9 of 10 people found the following review helpful
Modest and magisterial,
This review is from: The Art of Fiction: Illustrated from Classic and Modern Texts (Paperback)
This must surely be one of the most astute crossover books ever: originally conceived as a series of newspaper articles, these fifty chapters make the sometimes forbidding and austere discipline of literary criticism accessible to the general reader.
David Lodge is no stranger to negotiating such crossovers: his comic novels have reached a wide readership while fitting perfectly into the tradition of the English comic novel, about which Lodge, for many years a professor of modern literature, knows more than most people. In "The Art of Fiction", he draws on a wider range of examples than in his other, more academically slanted, works of literary criticism. Each of the fifty chapters begins with an extract [occasionally more than one] from novels, or, occasionally, short stories. The majority of his choices are from twentieth-century British fiction [Kingsley Amis, Virginia Woolf, Muriel Spark, Evelyn Waugh...], but there are also incursions into the eighteenth and nineteenth centuries and into American and Irish literature. The extracts serve as introductions to aspects of fiction as varied as: symbolism, allegory, time-shift, motivation, irony, and the author is always at pains to link his extract to other literary works.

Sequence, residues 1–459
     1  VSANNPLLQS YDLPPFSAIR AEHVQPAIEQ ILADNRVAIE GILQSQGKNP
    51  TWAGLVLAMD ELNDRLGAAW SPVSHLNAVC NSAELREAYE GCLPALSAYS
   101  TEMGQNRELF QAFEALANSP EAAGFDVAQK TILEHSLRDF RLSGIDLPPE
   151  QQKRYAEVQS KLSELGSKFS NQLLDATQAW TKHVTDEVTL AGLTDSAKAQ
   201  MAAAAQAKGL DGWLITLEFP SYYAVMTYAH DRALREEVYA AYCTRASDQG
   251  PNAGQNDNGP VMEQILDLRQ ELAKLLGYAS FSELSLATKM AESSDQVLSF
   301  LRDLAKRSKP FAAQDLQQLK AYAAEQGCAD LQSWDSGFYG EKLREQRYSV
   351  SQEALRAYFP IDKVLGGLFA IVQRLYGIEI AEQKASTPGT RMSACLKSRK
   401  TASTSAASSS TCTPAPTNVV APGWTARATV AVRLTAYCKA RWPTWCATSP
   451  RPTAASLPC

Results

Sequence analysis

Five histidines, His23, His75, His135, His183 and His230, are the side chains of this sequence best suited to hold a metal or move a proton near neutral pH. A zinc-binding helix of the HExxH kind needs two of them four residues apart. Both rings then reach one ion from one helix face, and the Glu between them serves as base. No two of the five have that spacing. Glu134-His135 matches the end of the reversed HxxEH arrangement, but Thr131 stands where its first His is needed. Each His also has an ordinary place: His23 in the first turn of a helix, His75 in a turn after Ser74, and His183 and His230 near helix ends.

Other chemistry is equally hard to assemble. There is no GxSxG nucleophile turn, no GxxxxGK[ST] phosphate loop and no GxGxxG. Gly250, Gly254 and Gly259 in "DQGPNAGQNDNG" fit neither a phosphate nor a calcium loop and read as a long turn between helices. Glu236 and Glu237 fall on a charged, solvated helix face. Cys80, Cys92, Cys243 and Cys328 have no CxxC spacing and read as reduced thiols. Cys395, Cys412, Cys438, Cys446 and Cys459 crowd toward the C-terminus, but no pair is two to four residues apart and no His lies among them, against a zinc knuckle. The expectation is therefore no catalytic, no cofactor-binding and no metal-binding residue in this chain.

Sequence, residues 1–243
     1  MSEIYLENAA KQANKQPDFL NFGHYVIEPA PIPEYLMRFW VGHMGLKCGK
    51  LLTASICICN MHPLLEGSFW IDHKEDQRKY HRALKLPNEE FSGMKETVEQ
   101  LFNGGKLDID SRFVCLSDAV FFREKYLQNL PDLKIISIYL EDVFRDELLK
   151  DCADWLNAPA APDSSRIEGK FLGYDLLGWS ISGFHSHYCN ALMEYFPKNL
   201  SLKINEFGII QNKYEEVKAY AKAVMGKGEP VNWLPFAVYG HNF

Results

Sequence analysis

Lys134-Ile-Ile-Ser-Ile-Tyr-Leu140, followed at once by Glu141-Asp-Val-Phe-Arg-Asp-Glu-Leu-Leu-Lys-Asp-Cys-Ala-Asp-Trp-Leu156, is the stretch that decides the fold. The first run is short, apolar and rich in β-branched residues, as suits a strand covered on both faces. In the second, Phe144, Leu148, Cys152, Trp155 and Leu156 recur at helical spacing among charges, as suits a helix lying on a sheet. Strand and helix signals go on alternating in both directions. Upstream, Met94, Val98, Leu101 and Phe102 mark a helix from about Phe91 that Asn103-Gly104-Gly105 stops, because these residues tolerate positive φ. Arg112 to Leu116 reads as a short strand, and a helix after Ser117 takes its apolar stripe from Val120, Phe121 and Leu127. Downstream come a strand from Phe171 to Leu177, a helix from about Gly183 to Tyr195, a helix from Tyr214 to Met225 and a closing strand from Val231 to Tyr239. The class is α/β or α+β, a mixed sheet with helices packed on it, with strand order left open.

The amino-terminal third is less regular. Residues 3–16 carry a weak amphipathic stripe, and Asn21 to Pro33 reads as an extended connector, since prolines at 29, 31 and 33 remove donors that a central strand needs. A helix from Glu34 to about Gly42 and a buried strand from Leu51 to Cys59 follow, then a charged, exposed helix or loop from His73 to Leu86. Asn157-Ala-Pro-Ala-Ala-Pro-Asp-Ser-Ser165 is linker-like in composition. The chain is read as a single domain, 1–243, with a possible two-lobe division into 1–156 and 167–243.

The overall result is both modest and magisterial. As David Lodge points out in his introduction, "this is a book for people who prefer to take their Lit.Crit. in small doses, a book to browse in, and dip into". His approach works brilliantly: this book is an invaluable source of inspiration. Most important of all, it doesn't matter if you haven't read the novels from which Lodge has chosen his illustrations; the whole point is that in many cases you almost certainly will want to read them soon.
A modern classic in a category all of its own.